By: Mark A. Lies II and Kerry M. Mohan

As many employers know all too well, the Occupational Safety and Health Administration (“OSHA”) requires them to record work-related injuries and illnesses and to maintain the OSHA 300 Log for five years. Moreover, OSHA requires all employers to report to OSHA certain serious injuries within a short time period. On September 11, 2014, OSHA announced its Final Rule revising the current recordkeeping standard, which will significantly expand the recordkeeping rule’s reach to hundreds of thousands of new employers and place further burdens on employers to report additional workplace injuries and illnesses. Since these new rules become effective on January 1, 2015, employers are being encouraged, but have little time in reality, to modify their practices and prepare for the coming wave of enforcement.

OSHA’s Recordkeeping Regulations

Under OSHA’s recordkeeping regulations, 29 C.F.R. 1904, certain employers with more than 10 employees must record work-related injuries and maintain written records for five (5) years. Those records include the 300 Log, the 301 form, and the 300A annual summary. Though it may sound simple, recordkeeping is not an easy task, as it involves numerous issues including  work-relatedness, the nature and scope of an injury or illness, and the counting of employee days off from work or restricted duty, all of which many times involve analysis of incomplete or conflicting evidence. For instance, an employer may disagree with an employee’s claim that his or her injury or illness is work-related. In such circumstances, the employer must evaluate the employee’s claim to determine whether the injury or illness should be recorded on the OSHA 300 Log or should be found to be non-work-related. If the employer finds that the injury is non-work-related, the employer will have to maintain documentation to support its determination in case OSHA were to challenge that decision.

Thousands Of New Employers Are Now Subject To OSHA’s Recordkeeping Requirement

Under OSHA’s current rule, employers with 10 or fewer employees are exempt from maintaining OSHA 300, 301, and 300A records, which track work-related injuries. The current rule also exempts thousands of employers based on their Standard Industrial Classification (“SIC”) codes. Under the new rule, the list of exempted employers will be based on North American Industry Classification System (“NAICS”) codes. As a result, many employers who were once exempted from OSHA’s recordkeeping requirements will now have to begin maintaining OSHA 300, 301, and 300A records. Some of the industries now covered by the recordkeeping rules include:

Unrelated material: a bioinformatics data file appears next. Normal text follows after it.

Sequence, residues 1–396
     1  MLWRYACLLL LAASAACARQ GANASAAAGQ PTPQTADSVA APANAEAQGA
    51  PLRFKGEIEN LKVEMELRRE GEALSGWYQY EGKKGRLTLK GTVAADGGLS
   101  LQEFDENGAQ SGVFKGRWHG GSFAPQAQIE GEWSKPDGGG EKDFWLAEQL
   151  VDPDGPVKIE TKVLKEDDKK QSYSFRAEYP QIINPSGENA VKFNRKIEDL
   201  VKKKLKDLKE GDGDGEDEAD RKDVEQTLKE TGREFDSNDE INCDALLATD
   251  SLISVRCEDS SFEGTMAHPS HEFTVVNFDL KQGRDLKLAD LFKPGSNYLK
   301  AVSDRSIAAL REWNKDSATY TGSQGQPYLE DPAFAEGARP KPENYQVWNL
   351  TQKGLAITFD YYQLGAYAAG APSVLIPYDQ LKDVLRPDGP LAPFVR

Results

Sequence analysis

• “Bakeries and tortilla manufacturing;”
  • “Automobile dealers;”
  • “Automotive parts, accessories and tire stores;”
  • “Lessors of real estate;”
  • “Facilities support services;”
  • “Beer, wine, and liquor stores;”
  • “Commercial and industrial machinery and equipment rental and leasing;”
  • “Direct selling establishments;”
  • “Performing arts companies;”
  • “Museums , historical sites, and similar institutions;”
  • “Amusement and recreation industries; and
  • “Other personal services.”

The first question that comes to mind when seeing this list of industries now covered under the recordkeeping rule is, “What is OSHA even talking about?” Thus, it is important that employers learn what their NAICS code is to determine if they are now covered by the recordkeeping rule. If so, the employer will then have to count its number of employees to see if it has 10 or fewer. There is information available from OSHA at on how to conduct this assessment and also identify the employers now subject to the rule.

In short, OSHA’s new rule will encompass hundreds of thousands of employers who never had to keep these records. Moreover, because of the January 1, 2015 implementation date, these employers must take prompt action to ensure that they are prepared to record injuries and illnesses in the future.

LATER THIS WEEK — Information on how these changes impact employers, their reporting requirements and what we can expect from OSHA in the coming new year.

For more information, please contact the authors, a member of the Seyfarth’s Environmental Safety and Toxic Torts Team, or your Seyfarth attorney.